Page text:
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Familial Dysfunction but not Parental Alcoholism Reflected in Psychopathology and Attachment Patterns Among College Students
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by Kimberley Conway, Michele Coro, Barbara Waldron, and John Broida* - University of Southern Maine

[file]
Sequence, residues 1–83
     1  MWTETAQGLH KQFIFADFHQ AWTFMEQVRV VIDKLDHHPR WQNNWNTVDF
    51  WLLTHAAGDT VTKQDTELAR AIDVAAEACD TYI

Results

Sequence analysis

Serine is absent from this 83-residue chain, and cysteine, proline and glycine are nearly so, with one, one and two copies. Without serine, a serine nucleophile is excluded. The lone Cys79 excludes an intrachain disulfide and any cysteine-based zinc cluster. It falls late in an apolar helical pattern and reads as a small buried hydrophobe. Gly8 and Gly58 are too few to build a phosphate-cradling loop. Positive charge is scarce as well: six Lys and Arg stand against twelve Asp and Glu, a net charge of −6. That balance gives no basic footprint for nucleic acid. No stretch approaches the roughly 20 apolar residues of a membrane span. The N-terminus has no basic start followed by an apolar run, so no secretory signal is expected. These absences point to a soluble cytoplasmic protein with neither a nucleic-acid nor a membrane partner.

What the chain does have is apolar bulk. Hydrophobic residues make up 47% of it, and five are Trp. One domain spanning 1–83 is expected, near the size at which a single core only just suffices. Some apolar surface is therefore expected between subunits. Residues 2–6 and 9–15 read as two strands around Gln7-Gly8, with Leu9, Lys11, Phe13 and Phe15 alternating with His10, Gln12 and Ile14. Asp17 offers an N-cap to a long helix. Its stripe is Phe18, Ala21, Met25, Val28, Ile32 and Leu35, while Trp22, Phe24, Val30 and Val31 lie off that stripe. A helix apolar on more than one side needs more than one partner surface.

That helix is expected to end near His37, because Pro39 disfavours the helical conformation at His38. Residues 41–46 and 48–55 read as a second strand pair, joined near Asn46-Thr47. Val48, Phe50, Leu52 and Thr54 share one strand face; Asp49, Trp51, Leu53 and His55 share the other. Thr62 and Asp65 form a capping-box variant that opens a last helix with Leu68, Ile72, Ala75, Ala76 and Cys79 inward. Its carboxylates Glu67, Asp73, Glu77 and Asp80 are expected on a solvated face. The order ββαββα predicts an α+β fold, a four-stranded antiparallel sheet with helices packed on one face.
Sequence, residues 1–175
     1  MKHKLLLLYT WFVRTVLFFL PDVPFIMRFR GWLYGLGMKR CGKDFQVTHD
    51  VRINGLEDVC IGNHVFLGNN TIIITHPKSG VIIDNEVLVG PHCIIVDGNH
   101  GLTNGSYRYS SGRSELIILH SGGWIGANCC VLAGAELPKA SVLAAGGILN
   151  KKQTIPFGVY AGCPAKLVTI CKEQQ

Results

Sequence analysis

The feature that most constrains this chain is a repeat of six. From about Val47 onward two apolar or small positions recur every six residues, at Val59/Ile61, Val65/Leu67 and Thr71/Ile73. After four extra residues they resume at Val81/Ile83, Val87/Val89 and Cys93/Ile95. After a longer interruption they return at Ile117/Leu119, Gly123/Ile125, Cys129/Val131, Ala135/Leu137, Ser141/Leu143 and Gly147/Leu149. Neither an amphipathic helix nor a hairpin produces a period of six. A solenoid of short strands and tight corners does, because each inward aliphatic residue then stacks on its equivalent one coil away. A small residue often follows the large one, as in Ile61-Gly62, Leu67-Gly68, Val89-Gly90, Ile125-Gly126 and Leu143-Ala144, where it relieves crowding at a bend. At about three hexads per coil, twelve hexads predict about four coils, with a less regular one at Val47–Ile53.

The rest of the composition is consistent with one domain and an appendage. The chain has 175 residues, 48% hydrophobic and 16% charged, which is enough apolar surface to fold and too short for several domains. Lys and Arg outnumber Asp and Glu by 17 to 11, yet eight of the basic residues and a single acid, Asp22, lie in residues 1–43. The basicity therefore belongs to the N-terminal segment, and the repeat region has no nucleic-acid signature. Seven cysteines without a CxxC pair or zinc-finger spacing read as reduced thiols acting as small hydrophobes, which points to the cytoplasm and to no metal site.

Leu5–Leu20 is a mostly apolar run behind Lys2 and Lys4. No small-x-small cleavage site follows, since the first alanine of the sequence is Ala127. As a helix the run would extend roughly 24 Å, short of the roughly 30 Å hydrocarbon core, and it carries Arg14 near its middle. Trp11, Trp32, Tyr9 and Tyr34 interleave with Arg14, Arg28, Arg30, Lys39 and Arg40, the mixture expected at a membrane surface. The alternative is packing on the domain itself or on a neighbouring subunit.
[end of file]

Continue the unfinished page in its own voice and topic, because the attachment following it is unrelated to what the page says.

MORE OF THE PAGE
Adult children of alcoholics (ACOAs) often come from dysfunctional homes. Many traits attributed to ACOAs may also be evident in children from nonalcoholic but otherwise dysfunctional families. To the extent that parental alcoholism has unique effects, ACOAs may exhibit patterns different from those from otherwise dysfunctional homes. Two studies were conducted to examine the impact of parental alcoholism and familial dysfunction on scales of the Millon Clinical Multiaxial Inventory-II (MCMI-II), patterns of attachment to caregivers, and perceived social support from friends and family. Familial dysfunction was reþected in many characteristics attributed to ACOAs, including distrust, antisocial behavior, and psychopathology. Parental alcoholism was not found to have any unique impact on these variables in our samples of college students. Traits linked to parental alcoholism may reflect dysfunction in the family of origin rather than parental alcoholism per se.